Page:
The Lincoln Plawg - the blog with footnotes
Monday, May 03, 2004
Retailers lie, too
Lest it be thought that the manipulation of truth is the exclusive domain of politicians and journalists, a corrective:
In a long and informative piece in the Guardian today, the nauseating story of modern British bread.
The food industry in Britain is based on the Don't ask, don't tell principle. Sausages and pâtés made with mechanically recovered meat, ice-cream with (for good reason!) the consistency and after-taste of whisked-up margarine (that's oleo Stateside, I believe) - and the truly Orwellian concoction that is (I laughingly say) bread created by the Chorleywood Bread Process - or CBP.
Chorleywood the town is a part of Metroland - much lauded by deceased Poet Laureate John Betjeman - that lies beside the Metropolitan Railway between Baker Street and Aylesbury.
But it also harboured the British Baking Industries Research Association, which 'perfected' the ghastly process that has long dominated the bread market here. In fact, the piece says,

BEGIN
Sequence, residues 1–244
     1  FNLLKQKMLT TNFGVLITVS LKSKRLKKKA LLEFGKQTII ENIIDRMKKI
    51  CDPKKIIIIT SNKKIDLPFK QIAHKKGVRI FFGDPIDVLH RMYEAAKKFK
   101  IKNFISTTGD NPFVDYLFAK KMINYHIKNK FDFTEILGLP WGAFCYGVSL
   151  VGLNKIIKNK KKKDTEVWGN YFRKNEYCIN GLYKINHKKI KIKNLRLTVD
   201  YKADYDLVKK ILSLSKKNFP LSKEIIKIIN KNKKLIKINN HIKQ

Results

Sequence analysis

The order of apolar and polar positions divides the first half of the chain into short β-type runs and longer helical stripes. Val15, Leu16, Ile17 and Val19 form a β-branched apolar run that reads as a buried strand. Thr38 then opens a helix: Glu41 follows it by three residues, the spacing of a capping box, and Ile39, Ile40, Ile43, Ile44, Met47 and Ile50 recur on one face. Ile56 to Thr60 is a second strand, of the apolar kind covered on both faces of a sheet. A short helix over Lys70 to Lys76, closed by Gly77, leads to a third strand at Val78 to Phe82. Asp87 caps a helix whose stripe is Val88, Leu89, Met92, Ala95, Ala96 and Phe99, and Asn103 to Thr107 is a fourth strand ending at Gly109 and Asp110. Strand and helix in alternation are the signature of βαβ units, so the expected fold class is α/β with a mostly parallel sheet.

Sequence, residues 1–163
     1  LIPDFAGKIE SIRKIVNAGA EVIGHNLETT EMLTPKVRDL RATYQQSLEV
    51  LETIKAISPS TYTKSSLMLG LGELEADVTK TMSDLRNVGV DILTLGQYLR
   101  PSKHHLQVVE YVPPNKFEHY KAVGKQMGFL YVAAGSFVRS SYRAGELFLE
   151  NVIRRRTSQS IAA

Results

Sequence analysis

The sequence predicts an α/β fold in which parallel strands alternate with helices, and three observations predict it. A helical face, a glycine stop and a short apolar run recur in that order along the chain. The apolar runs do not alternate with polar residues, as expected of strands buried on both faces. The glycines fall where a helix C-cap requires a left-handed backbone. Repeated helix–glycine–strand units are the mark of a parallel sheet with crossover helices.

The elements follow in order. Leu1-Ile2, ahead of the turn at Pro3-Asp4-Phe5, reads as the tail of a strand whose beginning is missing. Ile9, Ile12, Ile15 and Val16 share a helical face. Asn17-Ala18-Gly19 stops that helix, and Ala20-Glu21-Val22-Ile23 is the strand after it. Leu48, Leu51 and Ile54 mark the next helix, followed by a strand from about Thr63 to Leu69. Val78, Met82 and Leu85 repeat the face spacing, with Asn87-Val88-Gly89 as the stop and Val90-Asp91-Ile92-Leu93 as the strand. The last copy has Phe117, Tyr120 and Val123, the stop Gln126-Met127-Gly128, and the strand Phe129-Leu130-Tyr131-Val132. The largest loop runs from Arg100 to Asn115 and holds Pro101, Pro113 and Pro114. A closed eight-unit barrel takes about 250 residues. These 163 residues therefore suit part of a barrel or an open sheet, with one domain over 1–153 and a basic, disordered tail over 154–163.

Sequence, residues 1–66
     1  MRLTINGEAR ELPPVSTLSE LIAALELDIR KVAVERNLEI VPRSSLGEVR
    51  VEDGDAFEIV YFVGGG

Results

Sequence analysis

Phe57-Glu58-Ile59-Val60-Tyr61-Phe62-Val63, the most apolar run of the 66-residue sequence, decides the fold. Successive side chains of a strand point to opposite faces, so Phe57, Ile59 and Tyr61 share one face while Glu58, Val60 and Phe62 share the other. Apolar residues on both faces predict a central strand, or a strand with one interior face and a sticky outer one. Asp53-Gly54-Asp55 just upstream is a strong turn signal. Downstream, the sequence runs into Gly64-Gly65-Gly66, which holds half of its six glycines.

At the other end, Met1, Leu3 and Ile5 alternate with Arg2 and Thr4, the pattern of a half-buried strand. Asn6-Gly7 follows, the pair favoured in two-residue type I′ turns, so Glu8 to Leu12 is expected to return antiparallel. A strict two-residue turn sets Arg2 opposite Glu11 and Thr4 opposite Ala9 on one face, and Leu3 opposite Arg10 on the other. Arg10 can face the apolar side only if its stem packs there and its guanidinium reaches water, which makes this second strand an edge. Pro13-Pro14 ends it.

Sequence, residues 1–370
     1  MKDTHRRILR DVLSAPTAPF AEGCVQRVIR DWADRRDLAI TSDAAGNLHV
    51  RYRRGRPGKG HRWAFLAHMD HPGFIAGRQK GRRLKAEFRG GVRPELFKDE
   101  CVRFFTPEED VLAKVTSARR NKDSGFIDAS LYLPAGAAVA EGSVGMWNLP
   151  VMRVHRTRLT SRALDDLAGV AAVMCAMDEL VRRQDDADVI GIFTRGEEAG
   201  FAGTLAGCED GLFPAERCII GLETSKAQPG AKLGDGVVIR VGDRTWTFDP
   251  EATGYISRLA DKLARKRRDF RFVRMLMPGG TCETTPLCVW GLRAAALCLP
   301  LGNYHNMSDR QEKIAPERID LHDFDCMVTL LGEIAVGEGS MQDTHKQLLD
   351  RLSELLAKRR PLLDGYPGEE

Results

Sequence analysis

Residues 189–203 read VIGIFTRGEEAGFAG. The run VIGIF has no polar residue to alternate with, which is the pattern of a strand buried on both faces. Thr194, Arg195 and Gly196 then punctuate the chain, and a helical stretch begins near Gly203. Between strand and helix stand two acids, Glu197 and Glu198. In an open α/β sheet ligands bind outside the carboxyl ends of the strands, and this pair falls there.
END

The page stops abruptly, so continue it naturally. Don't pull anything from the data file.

Independent "craft" bakers account for just 2% of the market, but many of them depend on the same factory premixes of flour and additives too.
The fourth largest economy in the world eats shit for bread.
The piece also gives us a little insight into retailing MO:
At the root of the problem is "loss leading". It works like this. Everyday groceries, such as bread, butter, milk and sugar, are classified as known-value items (KVIs). These are the key purchases whose price shoppers know and by which they judge which shop offers the best value. Most prices are no longer marked on packets but only appear on the shelves, where we notice them briefly. As a result, most of us have little clue what other items cost.
The premium loaves baked in-store by supermarkets - albeit from prebaked dough - are closer to real bread. But even a couple of bucks for a 28 oz loaf  does not guarantee against insipid taste, with a sometimes excellent crust covering a soggy, cake-like crumb (or mie, in French).
The industrialisation of bread did provide one benefit not noted in the piece: the grindstones that ground flour before roller-mills came along tended to leave fragments of stone in the flour, which did the teeth no favours.
Always look on the bright side of life...
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